How I Deal With Panic Attacks.

During my entire life, I have struggled with constant panic attacks. Since last Wednesday, December 13, 2017, I suffered from over 50 panic attacks. This also includes one constant 24-hour panic attack. As I mentioned in my last article I suffer from bipolar I disorder, dealing with many panic attacks. Over the past four years, I have developed methods for ending my panic attacks, and I would like to share them with you.

Therapists provide a lot of information on the web, but the best way to prevent a panic attack is to know what works for yourself. The problem with mental health websites is that they only give technical procedural advice, but they do not provide any basic specific things that you can do.

Here are some examples of the things that they say online:

Breath slow. Stop and think. Think positively. Relax. Distract yourself. Stop negative thinking. Use coping statements. Recognize that this is what your body is supposed to do. Know that they will all end.

This is great information, but it is all written by professionals who speak in hieroglyphs to people who cannot decipher them. What I am doing is giving you my comprehension through effective examples of what I do.

Panic attacks put on a facade of the idea that the world will end. The most important thing to know is that you are in control of it.

In no particular order, here are effective things that I do:

 

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Photo credit: Shane Hudak

 

Don’t think! I do not know why advice online says to “Stop and Think”. It makes no sense because your thoughts are racing. To combat this partake in activities that use little to no thought.

I change my environment. A change of scenery always tricks my brain and train of thought. It is effective in the sense that it will change your thought process and assuage panicking.
A change in perspective is vital because you will adjust to your surroundings.

Exercise is vital. If I can’t get to the gym, I get outside and start walking. Once, I walked ten miles by myself, listening to music. Walking is surprisingly very therapeutic.

Breathe. We obliviously hold our breath too long while under attack, or you are suffering from shortness of breath. Take ten deep breaths. Breathing is the easiest task that you can do right away. Never forget that it is hard to live life without breathing. If you can breathe then you can do anything.

I remove myself from social situations. If I have to be there, then I leave the room, go for a walk or to the bathroom.

Do not call or text anyone that you are seeking attention from. I lost one of my best friends because I freaked them out over the phone. Moreover, stay away from your phone because notifications add to the stressful anxiety.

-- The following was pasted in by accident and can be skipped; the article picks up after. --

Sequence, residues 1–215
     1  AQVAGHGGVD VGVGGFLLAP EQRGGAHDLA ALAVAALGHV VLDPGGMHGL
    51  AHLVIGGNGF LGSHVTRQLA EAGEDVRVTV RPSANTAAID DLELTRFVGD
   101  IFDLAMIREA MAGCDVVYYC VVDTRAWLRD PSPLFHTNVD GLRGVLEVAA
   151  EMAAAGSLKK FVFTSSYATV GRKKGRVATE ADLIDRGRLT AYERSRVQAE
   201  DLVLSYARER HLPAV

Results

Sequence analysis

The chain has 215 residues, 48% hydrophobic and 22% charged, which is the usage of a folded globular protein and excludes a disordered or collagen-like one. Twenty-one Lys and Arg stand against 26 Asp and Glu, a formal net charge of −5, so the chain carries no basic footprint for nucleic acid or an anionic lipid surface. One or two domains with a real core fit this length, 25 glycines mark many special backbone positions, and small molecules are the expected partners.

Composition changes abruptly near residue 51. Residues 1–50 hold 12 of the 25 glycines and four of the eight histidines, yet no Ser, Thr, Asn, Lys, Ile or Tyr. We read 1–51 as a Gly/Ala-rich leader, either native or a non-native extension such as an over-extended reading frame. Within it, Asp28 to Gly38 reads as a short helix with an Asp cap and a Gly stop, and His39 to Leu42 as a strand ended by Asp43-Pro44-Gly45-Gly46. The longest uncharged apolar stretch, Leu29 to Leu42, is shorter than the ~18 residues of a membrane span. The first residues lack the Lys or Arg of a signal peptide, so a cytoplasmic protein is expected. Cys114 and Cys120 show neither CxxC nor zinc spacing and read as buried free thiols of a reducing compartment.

Don’t talk to people unless you trust them. A big mistake that I made was that I talked to strangers and called people on the phone. Keeping your thoughts to yourself is the best way because, in the end, you’ll be fine. All in all, your panic attack will end and then your random interactions with people will embarrass and make you depressed.

Do something goofy. I jump up and down on my bed and I pretend that I am a rapper. This provides a nice release in the brain because it can calm you down. My favorite thing to do is to talk to my cat.

Think positively about your small victories. The little “wins” that you have had during the day is a great way to trigger the positive optimism in your brain which can help nullify your anxiety. This reminds that you’ve been proactive and whatever lies ahead of you will be another small task to accomplish. I find small victories in doing the dishes or any small task. While under a panic attack, I remember those little things, then I slowly am ready to take on bigger tasks. If you have ten minutes a day to solve, fix, accomplish, and etc. for a task then it will still get you closer than before. Numerous small battles equate to winning a bigger war.

Do not go thrill seeking by drinking at a bar, consuming drugs, skydiving, approaching strangers and on so forth. Substance usage is not ever good for mental health. If you think smoking marijuana is going to be helpful, then think again because it is only a temporary solution.

Live vicariously through other mediums. Write, read, draw, watch a movie, or indulge yourself in your favorite album. Find something that can take you away from reality for a bit. This calms the brain. For me, I write a thousand words and then my panic attacks are gone.

Eat. I carry a granola bar to nibble in case if an attack strikes. This way your stomach has something to do in order to distract your brain. Plus, if you are suffering from recurring panic attacks it is very difficult to eat because your stomach wants food, but your brain is too stressed out to eat.

It is important to be fearless. Most importantly, do not be afraid of panic attacks. Each time they occur, it only makes you stronger. Every time you fight them it gets a little easier.

In conclusion, panic attacks are how your brain plays tricks on you. That is all it is. With my advice, I have shown you how to trick your brain back so you can get your day going again!

Remember, “The Zos Knows”. 

-David Zosel

If you want to support my writing and for me to be able to create more content you can make a donation to either of these links:

Venmo or Patreon

I will give 10% of the proceeds to ONETREEPLANTED, a charity that plant trees to restore life to degraded lands all over the world. For every dollar donated there will be one tree planted. 

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